Najma, beware American checkpoints, they are death traps for whomever comes within the range of their tentacles. Time for an analogy: The Irukandji jelly (fish), while not even bigger that the size of a peanut, with a transluscent body is virtually invisible in the water.Yet their tentacles contain stinging cells called nematocysts. Whoever comes in contact with these tentacles are injected with a venemous posion which attacks the circulatory system and ultimately results in respiratory collapse and death!

American checkpoints are set up at the discretion of the leader of a patrol unit. Stryker or otherwise. They will claim ownership to an intersection, take on a roadside position and within minutes start to flag vehicles down, pull them over to interrogate them and otherwise harrass the driver and occupants. Often Iraqi drivers don't know how to react or respond. Often they are confused by the instructions and flee in terror. Then they're shot. Others slow down and attempt to accomodate the soldiers, then they're shot! In the case of the Italians, the roadblock had been set up mere minutes before the recently released hostage arrived. They were opened up on without warning or justification. There are no roadside signs explaining protocol to innocent drivers! Such as beware, you are approaching an American Checkpoint, stop or you will be shot, slow down or you will be shot, speed up or you will be shot! No explaination, other than the boys are a tad tired and bored, time to set up a roadblock and start shooting people to take the edge off the day!

3/07/2005 03:57:00 PM

 
Blogger strykeraunt said...

John, what's your source...personal experience, a credible written source or what?

3/07/2005 09:31:00 PM

 
Blogger Joe said...

Thanks for sharing your feelings honestly! --Joe.

3/10/2005 06:26:00 AM

 
Blogger Gryfen said...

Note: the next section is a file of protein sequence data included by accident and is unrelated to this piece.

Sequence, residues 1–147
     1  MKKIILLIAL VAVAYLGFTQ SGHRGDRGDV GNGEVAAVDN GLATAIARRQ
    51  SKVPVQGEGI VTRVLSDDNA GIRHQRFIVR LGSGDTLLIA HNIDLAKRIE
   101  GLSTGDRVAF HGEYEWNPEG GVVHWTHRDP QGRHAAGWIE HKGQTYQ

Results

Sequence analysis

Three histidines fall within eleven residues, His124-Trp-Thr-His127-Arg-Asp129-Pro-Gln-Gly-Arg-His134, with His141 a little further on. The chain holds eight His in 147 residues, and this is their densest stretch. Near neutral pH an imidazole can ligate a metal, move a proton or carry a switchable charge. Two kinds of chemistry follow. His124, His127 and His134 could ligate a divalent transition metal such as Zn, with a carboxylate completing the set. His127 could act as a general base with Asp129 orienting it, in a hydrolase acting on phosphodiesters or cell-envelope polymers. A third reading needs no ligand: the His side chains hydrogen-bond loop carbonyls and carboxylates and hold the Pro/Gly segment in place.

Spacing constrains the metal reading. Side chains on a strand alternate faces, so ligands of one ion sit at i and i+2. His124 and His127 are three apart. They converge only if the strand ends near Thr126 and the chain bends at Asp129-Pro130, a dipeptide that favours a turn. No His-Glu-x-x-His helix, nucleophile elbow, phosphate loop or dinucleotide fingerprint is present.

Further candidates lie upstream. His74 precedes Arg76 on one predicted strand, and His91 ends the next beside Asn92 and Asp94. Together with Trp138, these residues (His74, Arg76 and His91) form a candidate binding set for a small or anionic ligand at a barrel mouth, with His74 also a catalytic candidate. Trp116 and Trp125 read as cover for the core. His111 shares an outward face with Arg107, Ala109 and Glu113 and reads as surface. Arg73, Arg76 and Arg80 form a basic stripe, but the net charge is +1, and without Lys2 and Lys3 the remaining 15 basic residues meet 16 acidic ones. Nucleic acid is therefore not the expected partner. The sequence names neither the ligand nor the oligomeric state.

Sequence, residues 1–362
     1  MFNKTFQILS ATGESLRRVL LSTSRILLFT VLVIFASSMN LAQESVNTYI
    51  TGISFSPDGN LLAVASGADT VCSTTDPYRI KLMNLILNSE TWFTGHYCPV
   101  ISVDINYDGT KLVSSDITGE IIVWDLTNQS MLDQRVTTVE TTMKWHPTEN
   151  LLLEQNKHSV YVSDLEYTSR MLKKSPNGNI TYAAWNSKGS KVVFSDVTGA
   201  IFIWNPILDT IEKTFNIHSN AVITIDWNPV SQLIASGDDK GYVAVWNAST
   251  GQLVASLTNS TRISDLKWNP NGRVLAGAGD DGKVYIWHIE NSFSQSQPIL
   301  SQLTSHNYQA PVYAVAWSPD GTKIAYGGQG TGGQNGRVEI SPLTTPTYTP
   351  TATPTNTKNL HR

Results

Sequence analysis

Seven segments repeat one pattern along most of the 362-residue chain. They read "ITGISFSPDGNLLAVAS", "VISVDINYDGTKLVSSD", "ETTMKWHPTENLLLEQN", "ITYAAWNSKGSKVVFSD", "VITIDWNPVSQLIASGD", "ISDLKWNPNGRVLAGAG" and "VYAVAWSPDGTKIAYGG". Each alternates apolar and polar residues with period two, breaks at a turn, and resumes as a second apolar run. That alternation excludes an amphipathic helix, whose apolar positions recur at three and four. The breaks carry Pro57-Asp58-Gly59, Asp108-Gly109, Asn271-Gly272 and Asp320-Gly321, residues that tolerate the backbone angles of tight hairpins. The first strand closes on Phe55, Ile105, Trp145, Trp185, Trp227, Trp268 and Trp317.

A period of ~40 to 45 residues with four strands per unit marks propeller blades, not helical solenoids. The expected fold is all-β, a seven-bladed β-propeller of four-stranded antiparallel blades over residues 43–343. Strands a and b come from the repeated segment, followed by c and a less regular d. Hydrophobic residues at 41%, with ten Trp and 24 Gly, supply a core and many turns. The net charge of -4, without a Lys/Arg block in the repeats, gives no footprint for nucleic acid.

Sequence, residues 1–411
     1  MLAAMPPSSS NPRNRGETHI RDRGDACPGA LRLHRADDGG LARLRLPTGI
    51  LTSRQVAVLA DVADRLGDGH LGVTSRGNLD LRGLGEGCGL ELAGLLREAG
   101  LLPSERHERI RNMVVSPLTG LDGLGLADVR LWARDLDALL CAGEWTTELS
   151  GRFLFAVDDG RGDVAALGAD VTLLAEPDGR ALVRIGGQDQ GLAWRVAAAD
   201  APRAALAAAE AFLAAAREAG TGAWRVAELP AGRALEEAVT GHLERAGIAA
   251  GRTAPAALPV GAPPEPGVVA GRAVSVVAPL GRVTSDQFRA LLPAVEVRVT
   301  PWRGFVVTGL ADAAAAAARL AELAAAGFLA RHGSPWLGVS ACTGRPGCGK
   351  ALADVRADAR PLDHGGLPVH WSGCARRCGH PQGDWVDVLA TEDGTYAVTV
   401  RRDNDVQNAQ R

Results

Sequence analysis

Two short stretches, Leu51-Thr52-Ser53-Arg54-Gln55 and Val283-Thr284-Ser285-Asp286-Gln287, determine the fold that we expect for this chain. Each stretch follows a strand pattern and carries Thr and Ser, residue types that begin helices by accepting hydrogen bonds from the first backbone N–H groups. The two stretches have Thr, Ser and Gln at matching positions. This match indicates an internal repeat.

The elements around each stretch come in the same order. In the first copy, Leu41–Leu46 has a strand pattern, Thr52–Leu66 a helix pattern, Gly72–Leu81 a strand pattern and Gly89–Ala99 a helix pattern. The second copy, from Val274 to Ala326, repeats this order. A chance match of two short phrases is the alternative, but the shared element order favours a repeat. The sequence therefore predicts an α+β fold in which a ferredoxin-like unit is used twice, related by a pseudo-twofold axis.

I'm with Joe, I appreciate your honesty. But this reporter’s story smells fishy to me. Wither it was a patrol passing by, or the car speeding onto a checkpoint is irrelevant to the things that don’t make sense. Some things I noticed:

--How is it that 300 to 400 rounds were fired into the car, and she wasn't killed?

Take a poll of the soldiers who read this board. Ask them (trained professionals) how well they kept count of flying bullets. 300-400 just sounds like a nice round number she plucked from the air.

Where are the pictures of this bullet ridden car?

If she was so valuable, why was she being transported in a lone, unarmored civilian vehicle down a dangerous road at night? These days it is very common to use helicopters for short trips to the airport. And the American military would have jumped at the chance to give a ride to a freed hostage….good PR you see, there’s little of that to go around these days.

You mentioned the salary that insurgents are receiving…..Italy has a reputation for paying ransoms. Coincidence?

....just my ideas, and worth every cent you paid for them.

3/10/2005 09:31:00 AM

 
Blogger strykerdad said...

This comment has been removed by a blog administrator.

3/10/2005 02:02:00 PM

 
Blogger LotharBot said...

With respect to your comment about "only the US" having WMD... actually, many countries are allowed to have WMD.

Iraq was not allowed to have WMD because Saddam invaded Kuwait in 1991. About 50 other countries (including the US) pushed the Iraqi army back out of Kuwait, and Saddam surrendered. One of the conditions of his surrender is that he would not be allowed to build more WMD, and that he'd have to prove he'd destroyed all of the WMD he already had.

I don't think there are any other countries that are "not allowed" to have WMD, though there are a few that we'd like to keep from getting them (especially Iran.)

Nobody in this part of the world minds the fact that England has WMD, because we know England isn't going to try to conquer other countries. But most of us really didn't like Iraq having them, because Saddam had already tried to invade Kuwait. And most of us don't like the possibility of Iran getting them, because they'd most likely use them on Israel or Iraq or some of the other neighbors they don't particularly like.

3/10/2005 05:51:00 PM